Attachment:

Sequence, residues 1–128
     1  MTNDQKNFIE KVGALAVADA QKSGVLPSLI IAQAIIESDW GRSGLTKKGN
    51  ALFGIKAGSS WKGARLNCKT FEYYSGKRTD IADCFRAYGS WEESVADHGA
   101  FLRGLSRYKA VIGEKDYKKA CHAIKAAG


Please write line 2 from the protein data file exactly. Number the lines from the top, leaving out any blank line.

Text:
     1  MTNDQKNFIE KVGALAVADA QKSGVLPSLI IAQAIIESDW GRSGLTKKGN